The problems we face as a nation are frightening. But right now, in many ways, we are like the person in the horror movie who is hiding under a bed. The thing is though, these problems are stalking us and will, sooner or later, they are going to drag us out from cover. It’s far better to face them now, head on, then to wait until we have almost no options.
Some of these problems actually look kind of like a horror movie, like ISIL and Ebola. Some of them are horrifically large numbers, like our current and future debt.
Muslim extremists have long wished for a state that they could call their own. A place where they could operate freely, imposing a sadistic interpretation of their faith. For a while, Afghanistan was the site of their dystopia and the leaders went by the name of Taliban.
Now ISIL is trying the same grim project in war-torn Syria and Iraq with the hope that they can spread the borders of their new state across all Muslim lands. Stonings and beheadings are routine punishments. When it come to terrorism, the stated ambitions of ISIL are the same as the Taliban.
There was a time when oceans and distance would have kept us safe from such horrors. Now however, the same planes that let us enjoy a vacation in a distant part of the world, bring us problems from distant lands.
Despite whatever rhetoric President Obama may want to use, we are at war with ISIL. I was an Air Force officer in another war that had limited aims and limited means—Vietnam. If we intend to keep ISIL from establishing a terror state, we must not hold back. That does not mean sending substantial ground forces, but we should have a force that meets the needs of military commanders, not politicians. Our allies in the region must hold the ground we help them take.
Ebola, in many ways, is the disease of our nightmares. It kills the majority of people who contract it and takes their lives in a particularly painful and gruesome process. For months, we hoped that the west African nations from which Ebola sprung would be able to get things under control. Those hopes were sorely misplaced.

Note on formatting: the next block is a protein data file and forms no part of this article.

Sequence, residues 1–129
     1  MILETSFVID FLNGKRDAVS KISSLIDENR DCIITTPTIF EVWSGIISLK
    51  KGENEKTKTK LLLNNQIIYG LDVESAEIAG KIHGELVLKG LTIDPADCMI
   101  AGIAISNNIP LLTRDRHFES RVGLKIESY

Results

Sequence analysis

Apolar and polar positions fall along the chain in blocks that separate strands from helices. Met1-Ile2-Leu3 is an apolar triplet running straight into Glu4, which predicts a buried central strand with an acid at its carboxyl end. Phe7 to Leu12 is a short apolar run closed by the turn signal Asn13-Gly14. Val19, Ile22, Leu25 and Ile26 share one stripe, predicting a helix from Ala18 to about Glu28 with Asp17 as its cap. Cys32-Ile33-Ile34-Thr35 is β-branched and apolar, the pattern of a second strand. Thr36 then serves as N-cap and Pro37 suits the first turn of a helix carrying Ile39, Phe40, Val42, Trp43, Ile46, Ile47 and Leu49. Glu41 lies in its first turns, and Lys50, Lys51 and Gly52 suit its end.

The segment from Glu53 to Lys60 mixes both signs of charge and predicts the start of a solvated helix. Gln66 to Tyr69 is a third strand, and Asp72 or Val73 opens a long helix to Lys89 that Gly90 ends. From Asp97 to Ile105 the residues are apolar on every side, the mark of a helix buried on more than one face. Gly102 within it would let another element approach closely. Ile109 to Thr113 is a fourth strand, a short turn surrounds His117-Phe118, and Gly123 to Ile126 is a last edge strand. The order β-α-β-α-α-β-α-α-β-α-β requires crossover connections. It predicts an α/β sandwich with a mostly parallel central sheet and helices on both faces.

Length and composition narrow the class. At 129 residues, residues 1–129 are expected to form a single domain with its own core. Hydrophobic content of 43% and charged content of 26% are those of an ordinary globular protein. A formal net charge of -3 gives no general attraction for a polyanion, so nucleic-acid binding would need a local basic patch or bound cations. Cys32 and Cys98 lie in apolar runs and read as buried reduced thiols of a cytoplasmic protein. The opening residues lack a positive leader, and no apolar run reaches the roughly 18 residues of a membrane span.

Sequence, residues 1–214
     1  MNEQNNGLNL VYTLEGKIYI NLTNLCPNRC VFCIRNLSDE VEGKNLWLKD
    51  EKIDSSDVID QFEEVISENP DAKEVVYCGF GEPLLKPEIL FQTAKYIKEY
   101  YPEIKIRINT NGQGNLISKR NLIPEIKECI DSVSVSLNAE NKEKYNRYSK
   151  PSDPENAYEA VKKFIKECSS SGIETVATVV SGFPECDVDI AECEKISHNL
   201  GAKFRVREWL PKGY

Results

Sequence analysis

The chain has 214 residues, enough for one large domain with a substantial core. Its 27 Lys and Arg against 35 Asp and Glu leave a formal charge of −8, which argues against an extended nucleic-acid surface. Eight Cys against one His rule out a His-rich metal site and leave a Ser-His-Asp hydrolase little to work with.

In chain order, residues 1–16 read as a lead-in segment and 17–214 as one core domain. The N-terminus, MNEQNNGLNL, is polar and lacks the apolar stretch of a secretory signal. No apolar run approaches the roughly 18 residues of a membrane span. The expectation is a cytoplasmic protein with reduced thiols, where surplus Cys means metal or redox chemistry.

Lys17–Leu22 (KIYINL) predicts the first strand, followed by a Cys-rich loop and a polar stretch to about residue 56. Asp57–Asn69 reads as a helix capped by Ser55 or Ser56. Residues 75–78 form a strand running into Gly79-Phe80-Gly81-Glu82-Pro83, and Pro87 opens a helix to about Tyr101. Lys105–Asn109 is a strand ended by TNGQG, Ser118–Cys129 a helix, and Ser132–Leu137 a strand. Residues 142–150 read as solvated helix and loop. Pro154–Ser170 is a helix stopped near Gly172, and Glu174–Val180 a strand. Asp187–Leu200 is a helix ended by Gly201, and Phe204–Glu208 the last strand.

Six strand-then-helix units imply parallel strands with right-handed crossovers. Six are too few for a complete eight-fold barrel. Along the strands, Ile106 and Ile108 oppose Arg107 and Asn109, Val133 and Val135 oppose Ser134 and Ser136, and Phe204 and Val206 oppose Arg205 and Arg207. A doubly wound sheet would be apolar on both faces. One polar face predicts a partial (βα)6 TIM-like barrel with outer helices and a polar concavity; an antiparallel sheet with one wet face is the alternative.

We’re playing catch-up now. There are some who hope that just placing travel restrictions will keep us safe. We do need smart travel restrictions that keep people out of the U.S. until we know they don’t have the disease, but we also need to get help into these nations.
Diseases don’t recognize lines on a map, and the borders in Africa are particularly porous. While the Ivory Coast has closed its border crossings, thousands of miles of fields and forests are open for infected persons to walk across. If Ebola becomes out of control in neighboring Liberia, it would trigger a refugee problem that could quickly spiral out of control, infecting another nation.
We have U.S. troops working to construct some facilities and coordinate supplies. We may need to do more. We certainly need to do much more to prepare U.S. medical facilities, including clinics and doctors offices, to diagnose Ebola and quickly isolate patients.
Our federal government is plagued with persistent deficits. That does not have the visceral terror of violence or disease. However, without a properly functioning government, those horrors and others would come to our shores.
We have more than $200 trillion in government obligations that we don’t have a plan to pay for. Funding programs like Medicare, Medicaid and Social Security will take over all other priorities unless we strengthen and save these programs. We all want government to do more than just provide for these programs. We want to be safe from foreign threats and from pandemics.
We can’t hide from our budget problems. Just a few years from now, we will be forced to either raise taxes incredibly high or cuts programs deeply. Neither of those are good options. Incremental changes now, done on a bipartisan basis, can prevent a great deal of pain decades from now.